In a major win against the state Department of Corrections, a federal grand jury ruled that the DOC can be held responsible for the sexual harassment of female nurses inside the prison. The lawsuit involved 28 nurses from four separate state prisons. It claimed that the DOC was responsible for allowing a sexually hostile environment. The grand jury awarded each of the nurses between $37,500 and $97,500 in damages.
Attorney Wes Pittman represented one of the nurses. "It is a magnificent verdict that finally provides justice for these women, who have complained hard and loud for years with no one in the prison system listening or providing relief whatsoever," Pittman said. It was not known late Friday if the state would appeal the verdict.
The nurses -- Kathleen Rudolph, Beverly Jenkins, Patricia Anderson, Nancy Mitchell, Sharon Hagan, Marsha Bigler, Bonnie Farrior, Edna Merido Hall, Marla Walker, Sandra Lewis, Mary Adiar, Carol Woods, Melanie Beckford, Charlene Fontenu, Tila De La Cruz, Lee Wascher, Linda Jones, Joyce Meyer, Sushma Parekh, Lourdes Silvagnoli, Janet Smith, Michelle Pollock, Vesna Poirier, Susan Black, Donna Pixley, Paula LaCroix, Olivia Crisafi and Jean Garrett -- said in their complaint the department "fostered" the sexual harassment of female nurses by prisoners in the four prisons where the nurses worked.
The nurses named Washington Correctional Institution in Washington County, Martin Correctional Institution and Lake Correctional Institution, both near Orlando, and Glades Correctional Institution on the East Coast near West Palm Beach. The nurses cited working with inmates in "close management custody," meaning they've been separated from the prison's general population for various reasons.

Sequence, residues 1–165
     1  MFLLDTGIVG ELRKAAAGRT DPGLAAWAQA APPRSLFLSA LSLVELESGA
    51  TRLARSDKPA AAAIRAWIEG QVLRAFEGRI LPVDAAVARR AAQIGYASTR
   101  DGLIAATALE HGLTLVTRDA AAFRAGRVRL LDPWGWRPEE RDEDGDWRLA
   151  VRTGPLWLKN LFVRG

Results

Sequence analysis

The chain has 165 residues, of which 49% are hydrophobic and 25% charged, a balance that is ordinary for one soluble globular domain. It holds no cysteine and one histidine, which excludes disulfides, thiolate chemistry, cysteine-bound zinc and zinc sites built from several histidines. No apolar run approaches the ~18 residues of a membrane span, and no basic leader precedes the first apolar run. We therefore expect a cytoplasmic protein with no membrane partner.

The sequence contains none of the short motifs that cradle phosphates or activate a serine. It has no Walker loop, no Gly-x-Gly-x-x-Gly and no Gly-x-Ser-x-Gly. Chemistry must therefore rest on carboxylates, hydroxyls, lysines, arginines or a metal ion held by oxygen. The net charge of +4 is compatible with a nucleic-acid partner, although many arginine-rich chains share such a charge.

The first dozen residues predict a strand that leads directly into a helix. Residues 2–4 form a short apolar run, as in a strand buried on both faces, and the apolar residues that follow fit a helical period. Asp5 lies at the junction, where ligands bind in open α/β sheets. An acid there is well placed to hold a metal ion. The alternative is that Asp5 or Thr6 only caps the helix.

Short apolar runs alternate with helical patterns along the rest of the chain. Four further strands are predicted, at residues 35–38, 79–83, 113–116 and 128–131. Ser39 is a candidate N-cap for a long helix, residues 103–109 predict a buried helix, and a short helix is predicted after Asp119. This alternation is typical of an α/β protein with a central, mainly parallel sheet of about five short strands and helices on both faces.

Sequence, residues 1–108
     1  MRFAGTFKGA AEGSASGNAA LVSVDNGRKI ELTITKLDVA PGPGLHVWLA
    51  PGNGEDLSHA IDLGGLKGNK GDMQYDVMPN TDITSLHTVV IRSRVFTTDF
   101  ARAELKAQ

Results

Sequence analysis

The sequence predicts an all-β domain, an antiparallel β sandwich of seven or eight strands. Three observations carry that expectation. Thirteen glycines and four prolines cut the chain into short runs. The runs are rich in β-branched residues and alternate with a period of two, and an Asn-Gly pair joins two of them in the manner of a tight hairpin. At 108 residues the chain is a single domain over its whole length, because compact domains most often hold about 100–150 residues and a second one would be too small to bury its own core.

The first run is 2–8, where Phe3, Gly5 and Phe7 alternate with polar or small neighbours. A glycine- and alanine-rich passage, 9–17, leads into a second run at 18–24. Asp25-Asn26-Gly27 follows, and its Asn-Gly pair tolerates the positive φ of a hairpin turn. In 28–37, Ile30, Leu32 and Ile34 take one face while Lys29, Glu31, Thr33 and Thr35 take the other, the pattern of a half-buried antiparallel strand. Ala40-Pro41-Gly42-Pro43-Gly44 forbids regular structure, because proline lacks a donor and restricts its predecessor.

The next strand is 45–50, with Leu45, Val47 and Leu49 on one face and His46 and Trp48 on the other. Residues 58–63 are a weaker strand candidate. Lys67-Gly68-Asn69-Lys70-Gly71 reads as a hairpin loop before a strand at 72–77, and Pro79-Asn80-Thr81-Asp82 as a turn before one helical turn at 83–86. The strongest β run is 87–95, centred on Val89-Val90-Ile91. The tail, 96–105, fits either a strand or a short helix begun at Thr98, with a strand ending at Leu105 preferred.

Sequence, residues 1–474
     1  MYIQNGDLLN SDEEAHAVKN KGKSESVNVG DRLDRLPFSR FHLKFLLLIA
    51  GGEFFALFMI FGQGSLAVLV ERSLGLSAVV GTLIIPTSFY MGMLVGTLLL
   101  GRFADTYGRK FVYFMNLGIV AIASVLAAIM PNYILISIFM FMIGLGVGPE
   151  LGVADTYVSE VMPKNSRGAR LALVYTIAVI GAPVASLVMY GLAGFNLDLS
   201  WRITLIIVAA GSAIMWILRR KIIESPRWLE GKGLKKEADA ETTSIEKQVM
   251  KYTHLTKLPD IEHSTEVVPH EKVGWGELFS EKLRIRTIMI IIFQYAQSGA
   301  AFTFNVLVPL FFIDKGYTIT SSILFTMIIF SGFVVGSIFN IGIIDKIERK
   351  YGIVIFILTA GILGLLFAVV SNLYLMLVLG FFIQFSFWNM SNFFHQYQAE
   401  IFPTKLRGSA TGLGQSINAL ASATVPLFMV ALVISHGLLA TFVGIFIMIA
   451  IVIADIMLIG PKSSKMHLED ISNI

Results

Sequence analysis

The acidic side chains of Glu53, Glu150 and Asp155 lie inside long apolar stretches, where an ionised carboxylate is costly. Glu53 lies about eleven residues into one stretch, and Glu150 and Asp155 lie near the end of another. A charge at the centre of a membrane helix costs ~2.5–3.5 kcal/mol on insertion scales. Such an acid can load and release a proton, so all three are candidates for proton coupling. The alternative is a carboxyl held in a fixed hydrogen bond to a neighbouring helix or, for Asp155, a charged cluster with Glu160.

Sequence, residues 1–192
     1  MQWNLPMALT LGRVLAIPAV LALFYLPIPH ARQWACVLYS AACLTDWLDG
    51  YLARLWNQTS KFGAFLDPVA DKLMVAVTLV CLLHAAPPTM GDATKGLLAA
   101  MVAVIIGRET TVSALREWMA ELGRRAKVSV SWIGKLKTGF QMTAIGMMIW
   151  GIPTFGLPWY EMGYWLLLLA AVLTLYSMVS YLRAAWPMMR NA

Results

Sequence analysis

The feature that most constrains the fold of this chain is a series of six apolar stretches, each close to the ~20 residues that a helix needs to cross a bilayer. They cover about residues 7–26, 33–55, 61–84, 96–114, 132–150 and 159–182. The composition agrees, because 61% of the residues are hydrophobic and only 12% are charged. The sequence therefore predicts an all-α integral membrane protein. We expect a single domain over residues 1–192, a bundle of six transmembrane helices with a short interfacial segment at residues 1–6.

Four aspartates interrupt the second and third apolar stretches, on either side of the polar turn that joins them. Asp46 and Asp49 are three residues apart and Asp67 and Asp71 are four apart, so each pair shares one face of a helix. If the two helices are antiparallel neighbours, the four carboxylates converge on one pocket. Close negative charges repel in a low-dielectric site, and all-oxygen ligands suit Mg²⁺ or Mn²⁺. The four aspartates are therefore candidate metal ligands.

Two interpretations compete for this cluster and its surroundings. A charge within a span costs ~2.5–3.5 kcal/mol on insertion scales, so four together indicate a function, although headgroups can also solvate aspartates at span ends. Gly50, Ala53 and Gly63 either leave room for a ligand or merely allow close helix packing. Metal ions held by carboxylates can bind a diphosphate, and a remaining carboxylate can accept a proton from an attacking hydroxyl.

The plaintiffs said the department "maintained, fostered and condoned a sexually hostile work environment" by not implementing procedures to stop the harassment; train the nurses in techniques to stop the harassment; investigate complaints; and discouraged the nurses from filing harassment complaints. Pittman said that in October 2000, 11 of the nurses at the Washington County facility wrote to Secretary of Corrections Michael Moore, with their complaints. Pittman said it was 18 months before the department began an investigation, which ultimately was assigned to an assistant warden within the Washington County facility.
Pittman said that was "a very rare and unusual move, avoiding a correct and true investigation by the independent Inspector General's office in Tallahassee." The attorneys for the female nurses in this case have three additional cases pending in Florida. Each case has multiple plaintiffs, Pittman said. "This is not the only prison within the state of Florida that has these problems," he said. The case this week was tried in federal court in Panama City because the district includes Washington County.